Submitted to: International Journal of Body Composition Research
Publication Type: Peer reviewed journal
Publication Acceptance Date: 9/9/2009
Publication Date: 10/9/2009
Citation: Shypailo, R.J., Ellis, K.J. 2009. Longitudinal DXA Studies: Minimum scanning interval for pediatric assessment of body fat. International Journal of Body Composition Research. 7(3):117-122. Interpretive Summary: Obesity levels in the United States are increasing. Because of this, Dual-energy X-ray absorptiometry (DXA) is being used more often for measuring body fat (TBF). We wanted to see how soon DXA scans could be repeated to measure meaningful TBF changes in children. We did this by evaluating the precision of our instrument using a Hologic Delphi instrument (version 12.1). An Average-sized child should surpass the least significant change for TBF within a year, except at the very youngest or oldest ages. Waiting a minimum of 6-8 months before rescanning a child may be sufficient when monitoring TBF during pubertal growth, when children change most rapidly. Precision testing should be done with other machines in order to calculate accurate least significant change values for TBF.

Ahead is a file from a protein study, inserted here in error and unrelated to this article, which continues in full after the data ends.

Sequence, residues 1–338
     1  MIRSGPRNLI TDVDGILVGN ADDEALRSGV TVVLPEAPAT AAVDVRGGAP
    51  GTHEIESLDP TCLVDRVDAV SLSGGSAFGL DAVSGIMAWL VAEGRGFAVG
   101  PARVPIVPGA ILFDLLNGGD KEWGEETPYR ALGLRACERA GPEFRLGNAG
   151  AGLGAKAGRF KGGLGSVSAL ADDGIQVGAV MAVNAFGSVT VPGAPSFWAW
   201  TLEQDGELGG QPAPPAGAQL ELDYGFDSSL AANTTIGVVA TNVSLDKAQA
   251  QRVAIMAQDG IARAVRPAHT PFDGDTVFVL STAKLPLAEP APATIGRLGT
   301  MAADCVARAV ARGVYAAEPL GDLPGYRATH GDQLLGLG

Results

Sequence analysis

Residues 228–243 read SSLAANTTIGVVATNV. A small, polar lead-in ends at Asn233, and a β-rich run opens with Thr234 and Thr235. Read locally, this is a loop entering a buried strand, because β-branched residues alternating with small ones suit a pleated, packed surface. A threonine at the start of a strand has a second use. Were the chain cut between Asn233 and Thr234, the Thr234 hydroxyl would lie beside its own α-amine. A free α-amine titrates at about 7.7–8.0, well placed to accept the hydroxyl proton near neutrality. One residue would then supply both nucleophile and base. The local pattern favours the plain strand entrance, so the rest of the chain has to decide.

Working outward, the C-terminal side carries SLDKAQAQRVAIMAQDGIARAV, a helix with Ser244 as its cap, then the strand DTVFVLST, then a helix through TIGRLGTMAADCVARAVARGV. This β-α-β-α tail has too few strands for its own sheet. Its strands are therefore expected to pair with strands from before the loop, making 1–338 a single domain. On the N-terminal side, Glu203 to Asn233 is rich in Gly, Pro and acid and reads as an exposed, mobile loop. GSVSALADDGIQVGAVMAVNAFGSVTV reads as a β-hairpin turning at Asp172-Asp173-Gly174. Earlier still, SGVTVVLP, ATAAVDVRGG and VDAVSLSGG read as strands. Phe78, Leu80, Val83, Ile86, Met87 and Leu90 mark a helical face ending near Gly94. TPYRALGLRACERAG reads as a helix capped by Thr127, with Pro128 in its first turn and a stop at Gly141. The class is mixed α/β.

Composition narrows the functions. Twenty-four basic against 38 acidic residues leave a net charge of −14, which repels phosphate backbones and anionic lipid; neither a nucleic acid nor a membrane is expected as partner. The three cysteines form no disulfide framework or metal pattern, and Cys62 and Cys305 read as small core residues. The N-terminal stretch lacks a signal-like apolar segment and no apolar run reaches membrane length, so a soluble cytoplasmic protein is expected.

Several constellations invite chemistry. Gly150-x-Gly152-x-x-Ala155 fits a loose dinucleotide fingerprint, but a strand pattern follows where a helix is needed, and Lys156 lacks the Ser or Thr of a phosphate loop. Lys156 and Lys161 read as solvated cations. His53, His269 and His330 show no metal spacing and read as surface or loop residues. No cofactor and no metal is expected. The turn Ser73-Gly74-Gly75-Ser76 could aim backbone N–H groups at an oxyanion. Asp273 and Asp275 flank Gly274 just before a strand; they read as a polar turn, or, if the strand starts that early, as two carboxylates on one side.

Technical Abstract: The increased prevalence of obesity in the United States, has led to the increased use of dual-energy X-ray absorptiometry (DXA) for assessment of body fat mass (TBF) in pediatric populations. We examined DXA precision, in order to determine suitable scanning intervals for the measurement of changes in 38 children (ages 4-19 y), using a Hologic Delphi A (vers. 12.1). We calculated the root mean square standard deviation (SDRMS), percent coefficient of variation (%CV RMS), then the least significant change (LSC) at the 95% confidence interval for both SDRMS and %CV RMS. Normal growth trends were based on a cross-sectional set of DXA scans of 1410 children (ages 2-20 y). LSCSD for all children was 716 g and 1.4% for TBF and %Fat, respectively, while LSC%CV results were about 6% for both TBF and %Fat. For TBF, LSCSD was higher for girls than for boys (890 g vs. 575 g), while LSC%CV was higher for boys than for girls (7% vs. 5%). Short-term precision results suggest that, TBF changes of at least 890 g for girls and 575 g for boys are needed, in order to detect a true change at the 95% confidence level. An average-sized child should eclipse the LSCSD for TBF during most any year, except at the very young or the oldest ages. A minimal scanning interval of 6-8 months may be sufficient when monitoring TBF during the pubertal growth spurt. DXA facilities should consider doing their own precision testing in order to derive accurate LSC thresholds for BFG and %Fat for children.